Imagining Russia post-Putin
As he prepares to step down from the Russian presidency in early May, Vladimir Putin has been boasting about his accomplishments. Stepping back from the current crisis in US-Russia relations, a Soviet Russian President Putin (on right) and Prime Minister Medvedev attend. Prime Minister Vladimir Putin has said he is proud that he and President Dmitry Medvedev have managed to build an effective working.
After five days of heavy fighting, all Georgian forces were routed from South Ossetia and Abkhazia. On 12 August, Medvedev announced an end to the Russian military operation, entitled "Operation to force Georgia into peace". Later on the same day, a peace deal brokered by the French and EU President, Nicolas Sarkozywas signed between the warring parties.
On 26 August, after being unanimously passed by the State DumaMedvedev signed a decree recognising South Ossetia and Abkhazia as independent states. The five-day conflict cost the lives of 48 Russian soldiers, including 10 peacekeepers, while the casualties for Georgia was soldiers and 14 policemen.
Gorbachev: ‘I am ashamed by Putin and Medvedev’
Shortly in the aftermath of the conflict, Medvedev formulated a 5-point strategy of the Russian foreign policy, which has become known as the Medvedev Doctrine.
On 30 Septemberthe European Union —sponsored Independent International Fact-Finding Mission on the Conflict in Georgia stated that, while preceded by months of mutual provocations, "open hostilities began with a large-scale Georgian military operation against the town of Tskhinvali and the surrounding areas, launched in the night of 7 to 8 August Before this, Russian officials, such as the Finance Minister, Alexei Kudrinhad said they believed Russia would be safe, due to its stable macroeconomic situation and substantial reserves accumulated during the years of growth.
The economic situation stabilised inbut substantial growth did not resume until Instead of launching the reforms, the government and the Presidency had to focus their efforts on anti-crisis measures and handling the foreign policy implications of the war. Medvedev made space technology and telecommunications one of the priority areas of his modernisation programme In the economic sphere, Medvedev has launched a modernisation programme which aims at modernising Russia's economy and society, decreasing the country's dependency on oil and gas revenues and creating a diversified economy based on high technology and innovation.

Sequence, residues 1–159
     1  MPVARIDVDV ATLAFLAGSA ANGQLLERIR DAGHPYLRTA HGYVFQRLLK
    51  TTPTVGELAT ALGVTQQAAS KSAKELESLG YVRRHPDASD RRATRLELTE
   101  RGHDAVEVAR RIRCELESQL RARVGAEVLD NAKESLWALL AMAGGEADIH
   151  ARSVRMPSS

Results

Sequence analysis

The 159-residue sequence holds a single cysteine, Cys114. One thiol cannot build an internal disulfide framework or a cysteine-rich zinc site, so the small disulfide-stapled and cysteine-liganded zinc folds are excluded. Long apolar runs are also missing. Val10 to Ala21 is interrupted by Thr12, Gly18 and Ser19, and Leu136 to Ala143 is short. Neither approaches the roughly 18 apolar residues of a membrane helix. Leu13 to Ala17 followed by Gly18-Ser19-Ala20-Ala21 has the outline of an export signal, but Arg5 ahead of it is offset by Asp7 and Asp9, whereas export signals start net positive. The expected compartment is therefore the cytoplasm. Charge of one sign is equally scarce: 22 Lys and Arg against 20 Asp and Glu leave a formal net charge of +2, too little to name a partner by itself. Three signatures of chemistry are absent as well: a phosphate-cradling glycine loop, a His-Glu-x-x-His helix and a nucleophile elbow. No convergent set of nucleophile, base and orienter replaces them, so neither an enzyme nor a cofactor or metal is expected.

Gorbachev: ‘I am ashamed by Putin and Medvedev’ – jingle-bells.info
Medvedev said the money from privatisation should be used to help modernise the economy and the regions should be rewarded for finding their own sources of cash. In MayMedvedev established the Presidential Commission on Innovation, which he will personally chair every month. The commission comprises almost the entire Russian government and some of the best minds from academia and business.
Russian police reform Medvedev made reforming Russia's law enforcement one of his top agendas, the reason for which was a shooting started by a police officer in April in one of Moscow's supermarkets.
Putin highlights personal relationship with Medvedev, Berlusconi
Medvedev initiated the reform at the end ofwith a presidential decree issued on 24 December ordering the government to start planning the reform. In early August a draft law was posted on the Internet at the address http: The website was popular, with more than 2, comments posted within 24 hours of its opening. These were the men who brought Putin into power, and without whose cooperation nothing in Russia gets done. Certain rules of the game have emerged. The oligarchs stay out of politics, and in return are mostly protected from the seizure of their assets by the state.
Putin highlights personal relationship with Medvedev, Berlusconi — RT Russia News
Over the years, Putin has also skillfully won more autonomy for himself, but he is still aware of the limits of his power. But in order to secure his place in Russian history — something that clearly concerns him — Putin faces the challenge of installing a reliable successor.
Putin will probably try out the person as prime minister before nominating him as president. Indeed, this was the path Putin himself took back in In the 17 years that Putin has been in power, China has smoothly cycled through three leaders. But Putin has no son, only daughters, traditionally not seen as successors to power. Presidents Karimov in Uzbekistan and Niyazov in Turkmenistan, who ruled for decades, also did not have sons to whom they could hand over power.
Nevertheless, Turkmenistan and Uzbekistan have both experienced fairly smooth leadership transitions in recent years.What Will Medvedev-Putin Swap Mean for U.S.-Russia Relations?
In Turkmenistan inSaparmurad Niyazov was succeeded upon his death by his former dentist, then serving as deputy prime minister. Admittedly, those countries are smaller and more homogeneous than Russia, and their leaders wielded far more personal power than Putin. But it is evidence for the argument that the authoritarian regimes that emerged from collapse of the Soviet Union may be more stable than they appear to outsiders, even though they have not developed the institutions of a liberal democracy.
Next president of Russia? Russian President Putin on right and Prime Minister Medvedev attend a wreath-laying ceremony marking the anniversary of the Nazi German invasion in Moscow on June 22, He is not a popular figure, and was the target of a recent documentary by opposition leader Aleksei Navalny which detailed his personal wealth, including owning a vineyard in Tuscany.
There are three men who stand out as more plausible successors to Putin, trusted by the elite and with the potential to be sold to the public as an effective leader.